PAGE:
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Responsible risk-taking in conflict-affected countries: the need for due diligence and the importance of collective approaches

30-09-2012 Article, International Review of the Red Cross, No. 887, by John Bray and Antony Crockett

Abstract

This article discusses some of the challenges that may be encountered by companies seeking to adhere to the Voluntary Principles on Security and Human Rights and the United Nations Guiding Principles on Business and Human Rights when operating in conflict-affected countries. The authors argue that corporate respect for human rights may not be sufficient to correct or compensate for state failure and also suggest that the leverage or influence enjoyed by individual companies in relation to the conduct of security forces and host governments may be limited, particularly in times of crisis. There is therefore a need for a collective approach to human rights risks in conflict-affected countries, and this should focus on public security sector reform and good governance as well as on corporate due diligence.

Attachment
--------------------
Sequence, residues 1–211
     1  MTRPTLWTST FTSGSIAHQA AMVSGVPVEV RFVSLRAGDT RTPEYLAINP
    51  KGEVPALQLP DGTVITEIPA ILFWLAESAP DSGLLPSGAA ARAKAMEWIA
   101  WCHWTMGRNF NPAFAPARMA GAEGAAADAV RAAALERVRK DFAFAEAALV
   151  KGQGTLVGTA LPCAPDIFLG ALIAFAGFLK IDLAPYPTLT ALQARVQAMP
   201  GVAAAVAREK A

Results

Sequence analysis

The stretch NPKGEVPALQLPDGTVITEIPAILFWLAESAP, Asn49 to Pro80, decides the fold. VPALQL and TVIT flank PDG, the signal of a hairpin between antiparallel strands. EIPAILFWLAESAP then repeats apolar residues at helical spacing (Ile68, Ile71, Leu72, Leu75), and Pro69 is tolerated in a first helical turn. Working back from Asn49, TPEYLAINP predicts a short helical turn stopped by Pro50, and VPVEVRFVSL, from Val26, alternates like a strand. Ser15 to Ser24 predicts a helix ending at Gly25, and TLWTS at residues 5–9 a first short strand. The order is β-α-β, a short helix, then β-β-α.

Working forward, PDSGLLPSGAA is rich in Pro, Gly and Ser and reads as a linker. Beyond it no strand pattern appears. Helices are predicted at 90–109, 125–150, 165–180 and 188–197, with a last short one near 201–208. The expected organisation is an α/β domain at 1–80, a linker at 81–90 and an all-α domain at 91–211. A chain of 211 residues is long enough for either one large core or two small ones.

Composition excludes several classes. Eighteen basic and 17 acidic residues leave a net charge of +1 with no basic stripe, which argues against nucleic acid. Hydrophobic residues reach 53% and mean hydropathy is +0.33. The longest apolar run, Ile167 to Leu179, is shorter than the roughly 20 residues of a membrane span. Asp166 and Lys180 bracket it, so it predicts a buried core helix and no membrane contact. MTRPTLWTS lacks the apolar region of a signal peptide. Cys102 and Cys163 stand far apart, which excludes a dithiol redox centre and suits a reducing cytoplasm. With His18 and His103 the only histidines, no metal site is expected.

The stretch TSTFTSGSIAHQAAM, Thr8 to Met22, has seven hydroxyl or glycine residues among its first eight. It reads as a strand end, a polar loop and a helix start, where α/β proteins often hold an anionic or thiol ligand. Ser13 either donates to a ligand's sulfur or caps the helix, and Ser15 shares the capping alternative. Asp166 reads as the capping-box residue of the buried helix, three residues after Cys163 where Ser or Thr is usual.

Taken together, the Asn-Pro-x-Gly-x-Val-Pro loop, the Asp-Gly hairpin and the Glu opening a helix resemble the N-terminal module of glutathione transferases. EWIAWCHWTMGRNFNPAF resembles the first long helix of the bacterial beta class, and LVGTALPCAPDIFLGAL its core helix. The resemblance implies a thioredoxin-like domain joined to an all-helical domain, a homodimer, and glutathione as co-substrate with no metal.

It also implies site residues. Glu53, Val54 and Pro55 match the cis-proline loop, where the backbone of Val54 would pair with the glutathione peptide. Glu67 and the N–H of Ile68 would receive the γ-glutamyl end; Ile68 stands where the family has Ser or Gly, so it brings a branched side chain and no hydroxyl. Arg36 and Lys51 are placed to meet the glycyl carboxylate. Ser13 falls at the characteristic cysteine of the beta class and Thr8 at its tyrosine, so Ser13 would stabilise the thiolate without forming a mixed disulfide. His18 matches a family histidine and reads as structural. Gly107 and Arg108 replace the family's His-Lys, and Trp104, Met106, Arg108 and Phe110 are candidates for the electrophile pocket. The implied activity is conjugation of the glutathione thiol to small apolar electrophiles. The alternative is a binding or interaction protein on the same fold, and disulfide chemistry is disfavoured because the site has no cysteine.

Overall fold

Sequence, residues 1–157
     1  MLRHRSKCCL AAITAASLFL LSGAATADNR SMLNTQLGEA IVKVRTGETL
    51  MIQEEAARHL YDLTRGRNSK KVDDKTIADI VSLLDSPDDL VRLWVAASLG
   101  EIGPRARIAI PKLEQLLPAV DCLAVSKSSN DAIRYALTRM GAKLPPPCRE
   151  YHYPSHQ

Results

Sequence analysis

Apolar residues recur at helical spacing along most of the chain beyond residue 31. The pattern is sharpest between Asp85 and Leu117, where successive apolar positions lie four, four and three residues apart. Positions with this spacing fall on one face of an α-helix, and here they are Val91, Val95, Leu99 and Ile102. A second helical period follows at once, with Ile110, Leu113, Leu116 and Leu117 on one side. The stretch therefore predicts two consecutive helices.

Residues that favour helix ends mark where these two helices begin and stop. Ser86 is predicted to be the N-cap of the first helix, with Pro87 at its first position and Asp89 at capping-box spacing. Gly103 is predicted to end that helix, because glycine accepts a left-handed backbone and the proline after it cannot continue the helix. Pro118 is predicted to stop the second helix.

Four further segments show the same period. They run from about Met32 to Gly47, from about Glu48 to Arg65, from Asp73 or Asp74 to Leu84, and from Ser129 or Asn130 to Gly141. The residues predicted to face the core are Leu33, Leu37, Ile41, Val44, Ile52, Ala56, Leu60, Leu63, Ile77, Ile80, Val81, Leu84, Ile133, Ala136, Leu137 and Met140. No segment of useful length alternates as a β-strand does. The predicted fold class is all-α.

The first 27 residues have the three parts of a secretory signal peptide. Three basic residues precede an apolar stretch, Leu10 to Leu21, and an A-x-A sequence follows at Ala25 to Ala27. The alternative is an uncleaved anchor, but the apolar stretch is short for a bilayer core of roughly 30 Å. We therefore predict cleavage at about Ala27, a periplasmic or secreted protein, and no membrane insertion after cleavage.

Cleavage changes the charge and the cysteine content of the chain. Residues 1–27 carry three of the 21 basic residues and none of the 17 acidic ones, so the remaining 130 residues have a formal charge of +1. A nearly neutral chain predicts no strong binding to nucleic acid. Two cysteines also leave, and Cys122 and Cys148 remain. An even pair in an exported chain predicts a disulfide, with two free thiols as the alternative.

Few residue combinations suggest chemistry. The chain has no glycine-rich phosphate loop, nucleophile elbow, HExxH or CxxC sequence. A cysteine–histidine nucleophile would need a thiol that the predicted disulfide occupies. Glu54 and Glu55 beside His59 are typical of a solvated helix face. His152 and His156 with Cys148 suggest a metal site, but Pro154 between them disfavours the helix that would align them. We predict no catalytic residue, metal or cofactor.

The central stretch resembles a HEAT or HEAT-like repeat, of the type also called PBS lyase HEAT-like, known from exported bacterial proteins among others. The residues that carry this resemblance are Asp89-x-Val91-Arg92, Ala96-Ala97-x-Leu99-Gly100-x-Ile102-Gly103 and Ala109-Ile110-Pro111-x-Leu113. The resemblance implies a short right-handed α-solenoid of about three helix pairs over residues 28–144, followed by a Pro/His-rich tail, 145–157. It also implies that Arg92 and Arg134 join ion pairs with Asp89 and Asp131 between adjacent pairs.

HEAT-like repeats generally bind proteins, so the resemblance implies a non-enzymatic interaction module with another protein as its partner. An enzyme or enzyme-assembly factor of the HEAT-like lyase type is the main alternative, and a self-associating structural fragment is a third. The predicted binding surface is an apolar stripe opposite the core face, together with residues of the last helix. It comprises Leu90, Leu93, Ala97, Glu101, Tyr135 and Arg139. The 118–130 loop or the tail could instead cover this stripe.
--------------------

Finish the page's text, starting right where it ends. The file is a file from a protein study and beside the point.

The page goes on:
Keywords: risk assessment, due diligence, private sector, conflict-affected areas, corporate responsibility, human rights, Voluntary Principles, Guiding Principles, case studies.

Biography

John Bray is a Director at the Tokyo office of Control Risks, a business risk consultancy. His international experience includes varied projects with private sector companies as well as multilateral agencies and NGOs operating in complex environments.

Antony Crockett is Senior Associate at the London office of Clifford Chance LLP. He is admitted to practice as a lawyer in England & Wales and in Australia. He holds the degrees LLB (Hons) (Melbourne), BSc (Melbourne), and LLM (London School of Economics). 


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